We are delighted that Gillian Shirreffs will be hosting a workshop ‘Fiction Writing to Help Manage Chronic Pain’ online on Thursday 25th June. For more information and booking please see here.
This Spring we were looking forward to working with writer Gillian Shirreffs who was going to host two writing workshops sharing some of the ways that writing has helped her manage chronic pain. Unfortunately these have been cancelled due to the ongoing Covid-19 situation. However, we are delighted that Gillian was always planning to share a taster of the sessions on our blog and we feel that these writing exercises are even more important now that we are all trying to find our new temporary normal. Equally, you may be feeling overwhelmed with the current situation and the offer of so many new things to try. If so, why not bookmark this page and come back to it later?
Ready to begin? Try to find somewhere comfortable to sit, get out your writing materials or device, and settle in. There are 5 exercises below and Gillian suggests 15 minutes per exercise.
We hope you have fun developing your own characters, scenes, and stories, and hope to welcome you to Glasgow Women’s Library soon.
“As a fiction writer with multiple sclerosis, I’ve found that writing is a useful tool in my pain management toolkit. I discovered this by accident. I developed nerve pain thirteen years ago due to MS. Unfortunately, my pain didn’t respond to any of the medications. I did notice, though, that when I was focussed on writing – fighting with word after word and sentence after sentence – I wasn’t aware of the pain. I then learned that there’s science behind this. People who work in pain management call it distraction technique. If you’d like to see if writing fiction might be a good distraction for you to help you manage chronic pain, here are some fun fifteen-minute exercises to help get your creative writing juices flowing.” Gillian Shirreff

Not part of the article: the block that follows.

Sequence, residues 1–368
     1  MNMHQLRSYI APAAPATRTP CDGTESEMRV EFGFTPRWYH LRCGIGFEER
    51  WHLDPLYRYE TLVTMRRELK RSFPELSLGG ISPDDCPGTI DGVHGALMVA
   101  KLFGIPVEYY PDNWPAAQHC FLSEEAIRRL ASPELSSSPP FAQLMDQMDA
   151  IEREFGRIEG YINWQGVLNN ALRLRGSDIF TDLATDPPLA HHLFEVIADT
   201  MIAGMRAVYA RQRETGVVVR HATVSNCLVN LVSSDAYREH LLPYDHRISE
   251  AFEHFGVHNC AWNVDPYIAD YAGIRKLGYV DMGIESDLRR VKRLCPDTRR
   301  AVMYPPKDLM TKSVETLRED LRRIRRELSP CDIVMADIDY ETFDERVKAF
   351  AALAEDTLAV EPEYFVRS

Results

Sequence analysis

1. Create a character. Perhaps they are inspired by someone you once glimpsed on a train, in a shop or through your window. Describe your character in detail: age, appearance, interests. If they had a pet hate, what would it be? A favourite colour? A secret? Give your character a name. Take time with this exercise so that you can really get to know your character.
2. Look around the room you’re in. Notice an object. It could be a glasses case, a shoe, an envelope. Imagine your character finding this object in an unusual place. Set a timer for fifteen minutes and write a scene that tells the story of what happens next.
3. Your character has a chance encounter with someone they haven’t seen in a long time. Set a timer for fifteen minutes and write down the conversation that takes place.
4. Your character visits your favourite town or city. Set a timer for fifteen minutes and write about what happens when they are there. Describe the setting in detail.
5. Your character uncovers a secret about someone else. What is it? Set a timer for fifteen minutes and write a scene about this discovery.
We’d love to hear how you’ve found these exercises. If you’d like to share some of your writing, or tips for fellow writers then please comment below or get in touch on social media. (We’re @womenslibrary on Twitter and Instagram or Glasgow Women’s Library on Facebook).